Raspberry Pi OLED Internet Bandwidth Display
This is a bandwidth monitor using a Raspberry Pi and an OLED display to graphically show the internet bandwidth into and out of our house.A video showing it working is above. Sometimes if the internet is slow or not working very well it can be hard to tell if it’s because three other people are watching YouTube videos of if there’s some other problem with the internet connection. By checking the bandwidth monitor you can see straight away the data rate into and out of the house and work out if the problem is with your internet connection or just too many people watching Mat and Pat on YouTube. In a very brief summary it works as follows: The Raspberry Pi uses SNMP (Simple Network Management Protocol) to get the WAN data rates from the router and then displays these graphically on the OLED screen. The Raspberry Pi was already set up as our media player and is next to the television. The OLED display was inexpensive and can be bought from a number of places including eBay.Step 1: Connect the OLED display to the Raspberry PI This OLED display was purchased from eBay and cost around five dollars. It is a 128 x 64 pixel display. The top eight or so lines are a yellow colour and the rest of the display is blue. You could use a different sized or different coloured display although this could require modifying the code slightly. This display connects using i2c which makes things slightly simpler because it only requires four wires to connect.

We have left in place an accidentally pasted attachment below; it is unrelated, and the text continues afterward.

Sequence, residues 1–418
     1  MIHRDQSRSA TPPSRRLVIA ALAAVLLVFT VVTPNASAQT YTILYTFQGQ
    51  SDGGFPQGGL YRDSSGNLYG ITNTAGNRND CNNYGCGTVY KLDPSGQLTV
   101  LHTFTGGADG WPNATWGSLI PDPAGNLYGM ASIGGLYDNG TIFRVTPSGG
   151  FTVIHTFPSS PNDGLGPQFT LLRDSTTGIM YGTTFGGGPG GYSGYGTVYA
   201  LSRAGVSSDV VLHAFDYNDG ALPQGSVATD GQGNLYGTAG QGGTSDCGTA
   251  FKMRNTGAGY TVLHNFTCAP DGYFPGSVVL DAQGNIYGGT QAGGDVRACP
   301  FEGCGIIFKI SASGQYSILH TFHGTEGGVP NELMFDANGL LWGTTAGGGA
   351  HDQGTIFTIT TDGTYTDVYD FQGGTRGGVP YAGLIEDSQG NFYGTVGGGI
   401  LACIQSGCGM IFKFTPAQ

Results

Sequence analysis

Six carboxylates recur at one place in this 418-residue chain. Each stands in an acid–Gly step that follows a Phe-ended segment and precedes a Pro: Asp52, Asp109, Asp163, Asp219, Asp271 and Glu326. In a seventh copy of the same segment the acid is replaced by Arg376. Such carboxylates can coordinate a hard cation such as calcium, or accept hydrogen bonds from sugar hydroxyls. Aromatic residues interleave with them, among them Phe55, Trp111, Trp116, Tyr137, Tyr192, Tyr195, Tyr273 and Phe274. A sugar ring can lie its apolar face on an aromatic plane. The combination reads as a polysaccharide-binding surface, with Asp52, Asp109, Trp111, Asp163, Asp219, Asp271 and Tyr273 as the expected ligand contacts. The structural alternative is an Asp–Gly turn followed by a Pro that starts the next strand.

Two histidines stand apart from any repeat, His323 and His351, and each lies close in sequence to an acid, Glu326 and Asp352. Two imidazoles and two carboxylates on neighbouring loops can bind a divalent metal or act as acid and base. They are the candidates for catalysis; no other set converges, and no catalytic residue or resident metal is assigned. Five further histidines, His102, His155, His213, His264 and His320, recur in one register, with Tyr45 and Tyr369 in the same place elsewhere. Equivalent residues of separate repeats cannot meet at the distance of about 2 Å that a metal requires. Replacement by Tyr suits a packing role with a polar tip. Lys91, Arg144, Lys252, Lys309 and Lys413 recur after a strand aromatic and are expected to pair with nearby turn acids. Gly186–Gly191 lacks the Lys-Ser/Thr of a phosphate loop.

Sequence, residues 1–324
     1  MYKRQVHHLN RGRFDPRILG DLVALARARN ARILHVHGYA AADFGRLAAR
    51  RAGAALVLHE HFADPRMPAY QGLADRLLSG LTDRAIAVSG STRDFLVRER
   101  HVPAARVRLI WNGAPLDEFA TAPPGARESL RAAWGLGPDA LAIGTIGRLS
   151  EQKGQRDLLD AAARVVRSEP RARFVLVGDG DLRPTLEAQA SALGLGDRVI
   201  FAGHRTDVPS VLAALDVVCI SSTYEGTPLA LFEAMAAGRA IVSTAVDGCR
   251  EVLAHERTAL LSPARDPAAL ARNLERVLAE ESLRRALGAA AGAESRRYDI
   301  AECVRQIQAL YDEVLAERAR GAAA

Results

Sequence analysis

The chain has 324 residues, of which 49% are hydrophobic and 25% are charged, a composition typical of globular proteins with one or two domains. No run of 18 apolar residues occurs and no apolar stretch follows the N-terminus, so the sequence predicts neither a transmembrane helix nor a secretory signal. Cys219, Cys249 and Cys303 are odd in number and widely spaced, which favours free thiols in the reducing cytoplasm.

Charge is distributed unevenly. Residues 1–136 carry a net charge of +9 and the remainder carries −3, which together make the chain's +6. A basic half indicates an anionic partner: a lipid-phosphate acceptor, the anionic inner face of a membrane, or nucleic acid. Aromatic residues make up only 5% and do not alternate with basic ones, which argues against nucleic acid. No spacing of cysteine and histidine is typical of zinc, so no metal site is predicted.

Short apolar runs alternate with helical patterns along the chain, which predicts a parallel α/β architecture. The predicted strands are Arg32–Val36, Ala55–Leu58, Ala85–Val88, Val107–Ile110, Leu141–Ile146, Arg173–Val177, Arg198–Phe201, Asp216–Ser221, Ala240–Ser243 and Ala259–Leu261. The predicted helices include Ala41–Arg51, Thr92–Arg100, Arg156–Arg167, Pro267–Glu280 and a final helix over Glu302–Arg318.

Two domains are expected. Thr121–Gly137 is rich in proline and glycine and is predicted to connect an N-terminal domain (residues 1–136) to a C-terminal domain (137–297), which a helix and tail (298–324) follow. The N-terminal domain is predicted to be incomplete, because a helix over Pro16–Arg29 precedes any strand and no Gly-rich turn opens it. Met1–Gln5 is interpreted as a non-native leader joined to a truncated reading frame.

To connect the pins on the display to the pins on the Raspberry Pi I used pre-made connector wires which can also be purchased inexpensively on eBay. These can be purchased in a few different types: They can either have a pin on each end and these are useful for making breadboard connections. They can have a pin on one end and a female plug on the other end or they can have a female plug on both ends. I bought a fair few of each type and they are very useful for connecting different types of boards and pin headers together. For this project I needed four wires with the female plug on each end.
I also had to cut out a hole in the top of my Raspberry Pi case to allow the wires to go through, but many cases already have an opening in the required location.
There are a number of guides which show how to connect an OLED display to a Raspberry Pi. The one that I followed was from Adafruit here: https://learn.adafruit.com/adafruit-oled-displays-for-raspberry-pi/introduction
After following this guide you should be able to run the demo Python script and see things appearing on your display. You will need to have this up and running before continuing with this instructable.
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